doi = "10.1097/01.iop.0000243608.88671.89",
language = "English (US)",
volume = "22",
pages = "479--480",
journal = "Ophthalmic Plastic and Reconstructive Surgery",
issn = "0740-9303",
publisher = "Lippincott Williams and Wilkins",
number = "6",

}

TY - JOUR

T1 - Eyelid retraction and incomplete eyelid closure secondary to human immunodeficiency virus-associated muscle wasting

AU - Wang, Gloria

AU - McCulley, Timothy J

PY - 2006/11

Y1 - 2006/11

N2 - Human immunodeficiency virus (HIV)-associated weight loss remains a significant problem, even in the era of highly active antiretroviral therapy. This interventional case report describes eyelid retraction and poor eyelid closure caused by orbicularis atrophy in the setting of HIV-associated muscle wasting. A 65-year-old HIV-infected man sought treatment for chronic ocular irritation. On examination, he was thin with marked temporal wasting. Corneal epithelial defects were present bilaterally. There was 2 mm of superior scleral show in the right eye and trace inferior scleral show bilaterally. With attempted closure, lagophthalmos approached 1 cm in the right eye and was 3 mm in the left eye. The remainder of the examination was unremarkable. Gold weight placement achieved symptomatic improvement with adequate eyelid closure. Biopsy demonstrated fibrous tissue with an absence of identifiable muscle fibers. In the setting of HIV-associated muscle wasting, orbicularis oculi muscle atrophy may result in eyelid retraction, lagophthalmos, and ocular surface disease.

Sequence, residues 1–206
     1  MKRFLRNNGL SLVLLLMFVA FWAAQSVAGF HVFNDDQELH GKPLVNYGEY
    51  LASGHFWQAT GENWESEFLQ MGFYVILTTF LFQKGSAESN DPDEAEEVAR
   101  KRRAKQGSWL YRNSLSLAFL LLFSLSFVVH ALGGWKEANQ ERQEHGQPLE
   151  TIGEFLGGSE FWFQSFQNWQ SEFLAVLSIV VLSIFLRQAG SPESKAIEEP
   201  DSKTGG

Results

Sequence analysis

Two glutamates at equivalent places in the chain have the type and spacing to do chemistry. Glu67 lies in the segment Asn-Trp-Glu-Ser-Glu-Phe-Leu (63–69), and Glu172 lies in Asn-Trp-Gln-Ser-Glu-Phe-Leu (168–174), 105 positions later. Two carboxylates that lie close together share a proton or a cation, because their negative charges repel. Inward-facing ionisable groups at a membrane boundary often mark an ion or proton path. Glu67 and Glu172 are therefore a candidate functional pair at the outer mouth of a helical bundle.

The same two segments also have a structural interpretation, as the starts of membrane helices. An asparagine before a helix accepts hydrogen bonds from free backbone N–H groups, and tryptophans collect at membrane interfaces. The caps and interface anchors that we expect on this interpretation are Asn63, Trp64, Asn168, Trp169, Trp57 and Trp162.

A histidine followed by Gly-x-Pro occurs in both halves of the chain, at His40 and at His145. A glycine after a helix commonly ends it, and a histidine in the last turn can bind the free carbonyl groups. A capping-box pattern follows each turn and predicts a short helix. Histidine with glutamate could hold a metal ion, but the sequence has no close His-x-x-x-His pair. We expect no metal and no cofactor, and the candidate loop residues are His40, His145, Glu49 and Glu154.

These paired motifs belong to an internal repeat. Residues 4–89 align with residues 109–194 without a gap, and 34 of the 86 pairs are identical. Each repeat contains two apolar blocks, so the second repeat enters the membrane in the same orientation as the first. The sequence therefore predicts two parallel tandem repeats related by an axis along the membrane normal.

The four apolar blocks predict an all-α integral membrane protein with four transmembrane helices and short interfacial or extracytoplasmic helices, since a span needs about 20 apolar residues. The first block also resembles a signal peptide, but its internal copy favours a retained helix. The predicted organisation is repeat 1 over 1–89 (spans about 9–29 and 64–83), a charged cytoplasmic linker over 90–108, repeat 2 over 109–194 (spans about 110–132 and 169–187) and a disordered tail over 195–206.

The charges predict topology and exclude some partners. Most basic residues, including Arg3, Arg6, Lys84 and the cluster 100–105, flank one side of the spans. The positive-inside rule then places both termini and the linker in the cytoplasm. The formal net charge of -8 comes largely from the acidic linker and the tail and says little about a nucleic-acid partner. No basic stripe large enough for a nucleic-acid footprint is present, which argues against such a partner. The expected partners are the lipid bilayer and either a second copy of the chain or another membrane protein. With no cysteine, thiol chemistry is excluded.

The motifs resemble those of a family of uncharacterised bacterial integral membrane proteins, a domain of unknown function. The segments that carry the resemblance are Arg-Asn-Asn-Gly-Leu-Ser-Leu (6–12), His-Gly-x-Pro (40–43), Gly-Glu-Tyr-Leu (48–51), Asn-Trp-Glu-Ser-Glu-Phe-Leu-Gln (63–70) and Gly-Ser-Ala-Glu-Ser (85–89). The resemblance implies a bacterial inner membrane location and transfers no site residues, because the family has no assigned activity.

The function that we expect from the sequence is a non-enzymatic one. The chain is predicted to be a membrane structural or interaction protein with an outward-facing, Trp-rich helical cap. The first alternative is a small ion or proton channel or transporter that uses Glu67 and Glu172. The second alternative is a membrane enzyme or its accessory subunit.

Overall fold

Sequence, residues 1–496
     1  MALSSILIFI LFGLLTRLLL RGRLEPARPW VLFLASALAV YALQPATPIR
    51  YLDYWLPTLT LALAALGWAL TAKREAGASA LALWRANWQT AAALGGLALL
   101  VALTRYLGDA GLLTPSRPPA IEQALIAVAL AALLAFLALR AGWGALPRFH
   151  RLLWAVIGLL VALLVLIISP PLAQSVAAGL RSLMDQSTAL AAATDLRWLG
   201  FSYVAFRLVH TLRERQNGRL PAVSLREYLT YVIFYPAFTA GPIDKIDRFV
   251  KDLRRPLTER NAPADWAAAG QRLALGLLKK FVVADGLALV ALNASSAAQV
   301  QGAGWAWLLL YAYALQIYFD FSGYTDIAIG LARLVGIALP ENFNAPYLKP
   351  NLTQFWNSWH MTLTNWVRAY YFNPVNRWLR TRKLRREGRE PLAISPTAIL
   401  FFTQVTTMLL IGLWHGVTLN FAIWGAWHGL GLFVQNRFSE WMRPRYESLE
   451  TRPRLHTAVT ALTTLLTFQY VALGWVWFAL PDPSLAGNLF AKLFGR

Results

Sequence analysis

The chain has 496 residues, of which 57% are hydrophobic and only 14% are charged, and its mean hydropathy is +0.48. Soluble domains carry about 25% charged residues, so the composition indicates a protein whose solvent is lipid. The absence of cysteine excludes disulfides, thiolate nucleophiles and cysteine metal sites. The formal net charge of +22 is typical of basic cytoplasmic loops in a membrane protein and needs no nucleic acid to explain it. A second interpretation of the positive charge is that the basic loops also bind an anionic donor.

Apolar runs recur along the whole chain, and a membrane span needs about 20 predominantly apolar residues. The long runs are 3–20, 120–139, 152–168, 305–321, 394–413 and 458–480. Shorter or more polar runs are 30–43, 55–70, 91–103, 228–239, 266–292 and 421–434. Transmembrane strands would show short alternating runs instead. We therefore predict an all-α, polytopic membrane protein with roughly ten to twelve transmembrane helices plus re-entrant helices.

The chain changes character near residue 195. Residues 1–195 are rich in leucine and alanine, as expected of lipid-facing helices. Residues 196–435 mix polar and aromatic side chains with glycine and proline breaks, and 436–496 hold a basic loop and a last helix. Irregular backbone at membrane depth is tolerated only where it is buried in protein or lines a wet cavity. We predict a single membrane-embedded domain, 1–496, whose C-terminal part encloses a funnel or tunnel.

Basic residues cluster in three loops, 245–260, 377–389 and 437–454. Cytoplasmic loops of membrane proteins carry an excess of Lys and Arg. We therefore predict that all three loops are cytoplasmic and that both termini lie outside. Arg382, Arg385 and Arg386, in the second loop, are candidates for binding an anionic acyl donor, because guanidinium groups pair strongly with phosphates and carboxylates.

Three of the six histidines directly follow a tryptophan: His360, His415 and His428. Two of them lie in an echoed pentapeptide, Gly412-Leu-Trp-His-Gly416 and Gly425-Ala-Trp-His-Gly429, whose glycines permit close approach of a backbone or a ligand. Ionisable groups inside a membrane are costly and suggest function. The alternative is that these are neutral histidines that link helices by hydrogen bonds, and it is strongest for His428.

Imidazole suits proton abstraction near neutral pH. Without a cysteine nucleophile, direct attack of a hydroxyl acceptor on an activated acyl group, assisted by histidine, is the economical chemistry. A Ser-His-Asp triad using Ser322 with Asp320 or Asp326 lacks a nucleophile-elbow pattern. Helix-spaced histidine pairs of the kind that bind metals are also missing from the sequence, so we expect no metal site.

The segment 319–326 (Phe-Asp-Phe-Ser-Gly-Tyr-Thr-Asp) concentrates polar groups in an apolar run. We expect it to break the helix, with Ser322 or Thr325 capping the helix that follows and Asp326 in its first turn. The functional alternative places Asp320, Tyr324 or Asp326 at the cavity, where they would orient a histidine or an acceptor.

AB - Human immunodeficiency virus (HIV)-associated weight loss remains a significant problem, even in the era of highly active antiretroviral therapy. This interventional case report describes eyelid retraction and poor eyelid closure caused by orbicularis atrophy in the setting of HIV-associated muscle wasting. A 65-year-old HIV-infected man sought treatment for chronic ocular irritation. On examination, he was thin with marked temporal wasting. Corneal epithelial defects were present bilaterally. There was 2 mm of superior scleral show in the right eye and trace inferior scleral show bilaterally. With attempted closure, lagophthalmos approached 1 cm in the right eye and was 3 mm in the left eye. The remainder of the examination was unremarkable. Gold weight placement achieved symptomatic improvement with adequate eyelid closure. Biopsy demonstrated fibrous tissue with an absence of identifiable muscle fibers. In the setting of HIV-associated muscle wasting, orbicularis oculi muscle atrophy may result in eyelid retraction, lagophthalmos, and ocular surface disease.

UR - http://www.scopus.com/inward/record.url?scp=33751223833&partnerID=8YFLogxK

UR - http://www.scopus.com/inward/citedby.url?scp=33751223833&partnerID=8YFLogxK

U2 - 10.1097/01.iop.0000243608.88671.89

DO - 10.1097/01.iop.0000243608.88671.89

M3 - Article

C2 - 17117109

AN - SCOPUS:33751223833

VL - 22

SP - 479

EP - 480

JO - Ophthalmic Plastic and Reconstructive Surgery

JF - Ophthalmic Plastic and Reconstructive Surgery

SN - 0740-9303

IS - 6

ER -